Lily, the shy, 7-year-old, fuchsia muppet who first appeared on Sesame Street in 2011, is back, thanks to a helping hand from Family Promise and a few other friends.
Sesame Street in Communities (SSIC), a program of Sesame Workshop, the nonprofit that produces Sesame Street, has launched a suite of online resources to help Family Promise and other providers better serve children experiencing homelessness. When they decided to tackle the issue, they engaged Family Promise, the nation’s leading nonprofit addressing family homelessness, as one of their expert advisors. The result is a remarkable collection of bilingual materials for Family Promise Affiliates, parents, caregivers, and other providers to help children cope with the trauma of losing their home. The books, videos, articles, and exercises are available on SSIC’s website and on YouTube.
For the very first time, a muppet is experiencing homelessness on Sesame Street. Lily, who we met seven years ago as a food-insecure child, has now lost her home. Lily and her parents are staying with their friend, Sofia, a real-life character in the videos played by the actress Jasmine Romero. Through a series of activities, videos and “We Got This,” a children’s book written by children’s author Kama Einhorn, we see Sofia help Lily come to terms with her family’s situation and learn not to let it define the way she thinks about herself.
“Sesame Street has been a champion of inclusivity, awareness, and advocacy for all children. We are thrilled to see this effort to provide a resource to children and families affected by homelessness, and as importantly those who engage with them in schools and elsewhere,” said Family Promise CEO Claas Ehlers. “Working with Sesame Street, on these materials and at our National Conference, aligns our visions and brings two leading organizations together to address the issue of homelessness for children holistically.”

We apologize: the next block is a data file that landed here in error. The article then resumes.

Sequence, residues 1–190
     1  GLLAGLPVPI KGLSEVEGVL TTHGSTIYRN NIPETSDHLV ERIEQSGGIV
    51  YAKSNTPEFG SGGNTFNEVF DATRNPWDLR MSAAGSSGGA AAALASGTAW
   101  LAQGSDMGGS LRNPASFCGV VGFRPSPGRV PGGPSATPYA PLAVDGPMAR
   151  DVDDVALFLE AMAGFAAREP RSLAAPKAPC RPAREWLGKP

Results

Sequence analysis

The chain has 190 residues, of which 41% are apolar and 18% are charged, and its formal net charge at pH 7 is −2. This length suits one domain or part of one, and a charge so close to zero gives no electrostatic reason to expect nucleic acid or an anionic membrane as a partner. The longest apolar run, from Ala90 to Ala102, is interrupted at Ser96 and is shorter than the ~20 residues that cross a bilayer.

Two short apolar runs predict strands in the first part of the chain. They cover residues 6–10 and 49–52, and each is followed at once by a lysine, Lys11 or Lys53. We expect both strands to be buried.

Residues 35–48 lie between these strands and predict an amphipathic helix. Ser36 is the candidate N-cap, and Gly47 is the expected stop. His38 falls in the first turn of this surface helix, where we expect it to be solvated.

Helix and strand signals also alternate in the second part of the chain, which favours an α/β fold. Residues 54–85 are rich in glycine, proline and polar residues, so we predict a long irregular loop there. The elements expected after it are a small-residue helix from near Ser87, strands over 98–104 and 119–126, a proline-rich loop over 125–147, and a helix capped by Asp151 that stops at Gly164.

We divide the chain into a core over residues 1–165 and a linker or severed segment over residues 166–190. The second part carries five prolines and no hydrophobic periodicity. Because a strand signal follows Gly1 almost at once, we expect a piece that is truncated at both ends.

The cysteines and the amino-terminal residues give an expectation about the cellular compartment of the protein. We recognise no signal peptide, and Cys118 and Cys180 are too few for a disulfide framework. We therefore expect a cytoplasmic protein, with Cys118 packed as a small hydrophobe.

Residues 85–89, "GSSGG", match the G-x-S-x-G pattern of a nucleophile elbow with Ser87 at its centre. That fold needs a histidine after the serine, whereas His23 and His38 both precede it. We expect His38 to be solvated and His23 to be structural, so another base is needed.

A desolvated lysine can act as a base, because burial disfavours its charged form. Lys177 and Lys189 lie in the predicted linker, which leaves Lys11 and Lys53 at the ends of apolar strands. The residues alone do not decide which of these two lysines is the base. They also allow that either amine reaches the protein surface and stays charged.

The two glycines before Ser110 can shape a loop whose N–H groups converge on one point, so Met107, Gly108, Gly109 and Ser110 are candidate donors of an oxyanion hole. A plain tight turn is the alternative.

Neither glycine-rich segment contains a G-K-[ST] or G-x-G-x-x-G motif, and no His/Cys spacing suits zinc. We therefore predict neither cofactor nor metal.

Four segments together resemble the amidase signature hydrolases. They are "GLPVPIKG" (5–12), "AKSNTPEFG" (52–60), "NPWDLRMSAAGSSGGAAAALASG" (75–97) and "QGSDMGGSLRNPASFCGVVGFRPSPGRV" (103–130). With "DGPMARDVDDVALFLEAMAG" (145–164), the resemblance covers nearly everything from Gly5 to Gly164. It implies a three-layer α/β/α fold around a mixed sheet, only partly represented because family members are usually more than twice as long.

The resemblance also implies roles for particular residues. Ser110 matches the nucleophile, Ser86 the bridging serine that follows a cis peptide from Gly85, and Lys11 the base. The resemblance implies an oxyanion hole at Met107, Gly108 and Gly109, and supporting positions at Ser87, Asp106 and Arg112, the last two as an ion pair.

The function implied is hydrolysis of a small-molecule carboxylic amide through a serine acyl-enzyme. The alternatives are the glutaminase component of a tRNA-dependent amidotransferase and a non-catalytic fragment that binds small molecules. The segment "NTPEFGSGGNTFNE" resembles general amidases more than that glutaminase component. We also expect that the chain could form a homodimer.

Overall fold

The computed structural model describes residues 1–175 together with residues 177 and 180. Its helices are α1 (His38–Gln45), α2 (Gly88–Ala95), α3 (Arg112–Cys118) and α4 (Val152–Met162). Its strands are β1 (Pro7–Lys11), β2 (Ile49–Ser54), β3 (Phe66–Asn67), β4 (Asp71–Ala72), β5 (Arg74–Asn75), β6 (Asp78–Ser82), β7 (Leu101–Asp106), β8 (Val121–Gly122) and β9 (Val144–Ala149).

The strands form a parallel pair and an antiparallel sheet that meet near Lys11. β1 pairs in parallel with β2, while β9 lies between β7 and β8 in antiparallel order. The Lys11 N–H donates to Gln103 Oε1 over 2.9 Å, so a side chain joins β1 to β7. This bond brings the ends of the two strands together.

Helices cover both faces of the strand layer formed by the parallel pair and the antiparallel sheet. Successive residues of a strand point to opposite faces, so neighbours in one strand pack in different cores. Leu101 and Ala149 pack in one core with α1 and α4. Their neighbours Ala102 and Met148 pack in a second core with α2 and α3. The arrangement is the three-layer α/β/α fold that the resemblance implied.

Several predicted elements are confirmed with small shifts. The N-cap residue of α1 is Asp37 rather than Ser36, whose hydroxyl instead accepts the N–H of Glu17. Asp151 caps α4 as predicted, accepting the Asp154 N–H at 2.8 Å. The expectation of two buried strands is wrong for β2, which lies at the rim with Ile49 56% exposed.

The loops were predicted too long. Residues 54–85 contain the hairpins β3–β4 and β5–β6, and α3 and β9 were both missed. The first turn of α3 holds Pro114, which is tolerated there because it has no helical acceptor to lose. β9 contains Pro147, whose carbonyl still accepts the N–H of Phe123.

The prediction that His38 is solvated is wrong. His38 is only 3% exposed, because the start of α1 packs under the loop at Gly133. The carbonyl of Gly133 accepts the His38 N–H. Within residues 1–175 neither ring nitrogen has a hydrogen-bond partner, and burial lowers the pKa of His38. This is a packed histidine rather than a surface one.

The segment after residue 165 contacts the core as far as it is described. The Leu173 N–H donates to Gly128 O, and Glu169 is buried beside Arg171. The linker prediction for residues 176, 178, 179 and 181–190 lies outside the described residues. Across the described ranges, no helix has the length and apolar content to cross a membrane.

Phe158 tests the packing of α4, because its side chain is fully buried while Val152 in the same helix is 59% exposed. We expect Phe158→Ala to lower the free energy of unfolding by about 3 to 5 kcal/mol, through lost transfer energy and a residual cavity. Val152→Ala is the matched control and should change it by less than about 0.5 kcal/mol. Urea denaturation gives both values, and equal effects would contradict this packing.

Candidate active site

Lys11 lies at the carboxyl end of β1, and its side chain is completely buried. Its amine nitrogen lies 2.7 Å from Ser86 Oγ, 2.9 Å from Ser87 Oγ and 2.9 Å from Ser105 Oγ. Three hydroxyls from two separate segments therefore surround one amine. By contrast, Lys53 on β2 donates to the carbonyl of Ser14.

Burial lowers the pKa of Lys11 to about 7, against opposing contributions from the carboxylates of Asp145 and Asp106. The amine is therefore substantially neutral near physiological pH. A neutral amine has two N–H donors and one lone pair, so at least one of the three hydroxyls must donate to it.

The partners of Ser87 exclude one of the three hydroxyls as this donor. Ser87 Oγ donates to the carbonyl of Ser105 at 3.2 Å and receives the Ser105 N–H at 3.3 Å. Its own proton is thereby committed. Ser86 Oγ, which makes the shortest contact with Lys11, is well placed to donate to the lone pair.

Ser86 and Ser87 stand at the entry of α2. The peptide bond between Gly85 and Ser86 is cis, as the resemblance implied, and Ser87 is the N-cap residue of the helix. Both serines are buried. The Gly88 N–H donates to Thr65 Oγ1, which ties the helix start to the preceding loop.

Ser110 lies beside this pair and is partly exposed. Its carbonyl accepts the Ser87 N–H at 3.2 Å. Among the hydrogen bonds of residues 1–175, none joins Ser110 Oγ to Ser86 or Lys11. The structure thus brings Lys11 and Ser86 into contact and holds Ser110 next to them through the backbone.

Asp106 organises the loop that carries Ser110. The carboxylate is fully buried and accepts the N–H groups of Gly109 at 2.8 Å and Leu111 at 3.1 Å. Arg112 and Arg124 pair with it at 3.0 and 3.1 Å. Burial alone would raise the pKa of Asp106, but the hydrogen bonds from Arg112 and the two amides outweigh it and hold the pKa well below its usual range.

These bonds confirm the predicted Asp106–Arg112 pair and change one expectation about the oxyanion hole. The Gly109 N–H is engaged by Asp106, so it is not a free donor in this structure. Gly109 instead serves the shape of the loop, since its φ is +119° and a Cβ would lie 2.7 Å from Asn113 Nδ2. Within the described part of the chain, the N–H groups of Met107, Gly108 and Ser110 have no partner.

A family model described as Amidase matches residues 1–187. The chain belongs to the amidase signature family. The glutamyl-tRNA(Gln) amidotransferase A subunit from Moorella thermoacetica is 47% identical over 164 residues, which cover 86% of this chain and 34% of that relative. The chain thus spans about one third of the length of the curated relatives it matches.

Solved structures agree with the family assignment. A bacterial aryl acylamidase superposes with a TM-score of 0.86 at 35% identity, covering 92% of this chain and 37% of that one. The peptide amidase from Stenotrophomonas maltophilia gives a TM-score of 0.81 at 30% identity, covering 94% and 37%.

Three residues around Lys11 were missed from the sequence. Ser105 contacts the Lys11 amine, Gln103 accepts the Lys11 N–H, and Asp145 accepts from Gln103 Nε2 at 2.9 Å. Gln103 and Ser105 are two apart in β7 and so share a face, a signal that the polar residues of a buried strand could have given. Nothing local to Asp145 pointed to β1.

Family Promise will make the resources available to our 200+ Affiliates nationwide, incorporating them into case management and sharing them with partner agencies. Designed not only for families experiencing homelessness and their providers, the materials also aim to reduce the stigma of homelessness that too often informs the public perception of these children and their parents.
You can read more about the venture in this New York Times story.
Family homelessness continues to increase, with public schools reporting 1.3 million children and youth experiencing homelessness in the 2016-17 school year—a 70% increase over the past decade. Overall, 2.5 million children will experience homelessness this year in America, with more than half of them under the age of six.
The collaboration between Family Promise, with our 30-year history of community engagement, and Sesame Street, with its nearly 50-year commitment to addressing kids’ developmental, physical, and emotional needs, holds the potential of being a transformative step in the effort to raise awareness and support for families experiencing homelessness.
To further broaden the relationship, Sesame Workshop has accepted an invitation to the Family Promise National Conference in San Antonio, Texas, April 11-13. They will conduct a media workshop, give an inspirational talk, and provide printed copies of their “We Got This” book for conference attendees.